The first component, the “what,” comprises the grades (scores) you assign for each of your key results. Based on performance during the quarter, each team (or individual should you connect that far into the organization) will determine their final score, and provide the rationale for that determination to their peers, colleagues, and superiors. This wide sharing of results is yet another benefit of OKRs, as it provides all teams the chance to learn more about their colleagues’ objectives, key results, triumphs, and challenges, what works, and what is ultimately possible when the entire organization is working in alignment. Assuming you’ve been rigorous in holding Weekly Meetings and also conducted a mid-quarter check-in, providing a final grade to OKRs should be a relatively simple, straightforward, process.
While the grades you assign are obviously important, what really stokes the flames of learning are the conversations spawned from a deep investigation of what occurred during the quarter.
The second component of the quarterly review meeting, the “how,” is what will ultimately drive the success of your OKRs program, and your organization’s ability to execute. While the grades you assign are obviously important, what really stokes the flames of learning are the conversations spawned from a deep investigation of what occurred during the quarter. The scores should serve as a launching point for intense discussions that challenge conventional views, unearth assumptions, and test a working hypothesis. In our experience, many organizations struggle with these meetings where candor and honesty should be the order of the day. Although some companies are able to engage in passionate discussions, leaving nothing on the table, the well-worn rules of civility hamper others from reaching a level where actual revelations are found.
Recent research into effective teams backs up this assertion by noting that the psychological safety of participants is a vital enabler of group success. What we are saying is that in order to make the best use of you OKR data (scores), you need to carefully think about how you’ll structure your meeting to ensure learning is maximized as your goal.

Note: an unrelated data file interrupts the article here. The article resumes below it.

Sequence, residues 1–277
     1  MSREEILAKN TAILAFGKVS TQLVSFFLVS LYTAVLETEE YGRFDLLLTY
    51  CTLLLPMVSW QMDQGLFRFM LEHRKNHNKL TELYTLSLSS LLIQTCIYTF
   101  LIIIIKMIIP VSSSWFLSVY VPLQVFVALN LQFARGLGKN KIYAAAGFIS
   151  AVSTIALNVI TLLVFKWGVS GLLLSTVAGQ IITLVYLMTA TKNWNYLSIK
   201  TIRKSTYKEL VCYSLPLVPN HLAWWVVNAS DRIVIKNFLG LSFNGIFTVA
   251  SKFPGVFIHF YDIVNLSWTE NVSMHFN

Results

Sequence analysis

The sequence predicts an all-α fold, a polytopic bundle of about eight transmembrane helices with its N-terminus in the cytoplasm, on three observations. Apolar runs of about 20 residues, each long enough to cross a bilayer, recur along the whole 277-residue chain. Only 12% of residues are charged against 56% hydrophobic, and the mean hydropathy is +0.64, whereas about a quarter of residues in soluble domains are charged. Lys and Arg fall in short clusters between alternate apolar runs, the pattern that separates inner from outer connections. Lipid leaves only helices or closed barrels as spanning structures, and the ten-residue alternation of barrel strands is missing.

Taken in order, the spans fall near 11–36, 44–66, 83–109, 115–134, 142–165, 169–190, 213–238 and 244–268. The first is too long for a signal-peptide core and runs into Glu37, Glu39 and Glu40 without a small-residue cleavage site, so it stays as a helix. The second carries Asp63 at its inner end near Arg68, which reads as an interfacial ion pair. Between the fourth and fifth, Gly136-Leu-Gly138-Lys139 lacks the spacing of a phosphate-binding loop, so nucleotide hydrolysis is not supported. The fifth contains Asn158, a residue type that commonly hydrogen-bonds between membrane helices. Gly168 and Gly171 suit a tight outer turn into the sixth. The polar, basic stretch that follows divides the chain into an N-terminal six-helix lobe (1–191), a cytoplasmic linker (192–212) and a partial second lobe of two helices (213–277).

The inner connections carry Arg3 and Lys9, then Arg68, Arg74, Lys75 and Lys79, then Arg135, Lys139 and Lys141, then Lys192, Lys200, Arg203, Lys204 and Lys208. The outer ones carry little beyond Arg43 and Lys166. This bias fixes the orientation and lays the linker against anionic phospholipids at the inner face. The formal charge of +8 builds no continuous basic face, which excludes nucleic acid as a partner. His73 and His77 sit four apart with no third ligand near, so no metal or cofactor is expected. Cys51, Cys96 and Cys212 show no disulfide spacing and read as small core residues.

Updating OKRs at the End of a Quarter
The actual mechanics of OKRs creation are quite straightforward. At the beginning of each year, the company creates its highest-level set of OKRs. The exercise may include both strategic annual OKRs and more tactical quarterly OKRs. These high-level “corporate” OKRs provide the context for the connecting process we discussed in detail earlier, in which business unites, teams, and perhaps even individuals create their own OKRs which demonstrate their contribution to the overall strategy execution.
At the end of each quarter, OKRs are graded, and new OKRs are then developed throughout the organization. Some OKRs may remain the same for several quarters, especially those identified as particularly critical in light of current strategic or operational challenges. You may also carry forward any OKRs that you did not successfully achieve during the previous quarter, those whose success is of ongoing strategic importance. Any OKRs you did achieve will most likely be eliminated, updated with a new crop that once again stretches the team to deliver its very best.
SCORING THE RESULTS
1.0 Score is achieved!
An extremely ambitious outcome that may appear nearly impossible to achieve. This is where you begin; all key results should be written with a 1.0 goal in mind to foster breakthrough thinking. It may appear to be a shot for the moon if the company has never come close to attaining that level of performance in the past. As this is a stretch goal, if you achieve a 1.0 you may want to consider setting a higher bar next time.
0.6 – 0.7 Score is a success
This level represents progress that is difficult, but ultimately attainable, and what we hope at a minimum to achieve. It’s a lofty number well on the way to our stretch, but achievable based on past results.
0.3 Score is mediocre
We can phrase this the “business as usual” target level. It represents performance we can achieve with standard effort and little or no assistance from other teams. This is considered mediocre, what OKRs are designed to eliminate. If at the end of a quarter a team is only able to reach a 0.3 on a key result you will certainly want to ascertain why!
In our experience, those new to OKRs will tend to encounter one of two outcomes in their initial foray with the framework; either they will in fact have all ones, or at the opposite end of the spectrum, they’re left scratching their heads because, despite their Herculean efforts, their reports are littered with zeros. Eventually, after a few quarters (more or less; every organization is different) your key result grades should begin averaging close to 0.6 to 0.7. Anything higher perhaps your targets are not aggressive enough, meaning you’re unable to take full advantage of the talent and potential your teams have to offer.
With this discussion on managing effectively with OKRs, our five-part series on Objectives and Key Results comes to a conclusion. Watch your email for the upcoming release of the entire series in a White Paper format. For any questions you may have, contact Bill Gelbaugh at firstname.lastname@example.org.
Bill Gelbaugh is one of our Senior Partners here at Outhouse and champions our OKR efforts.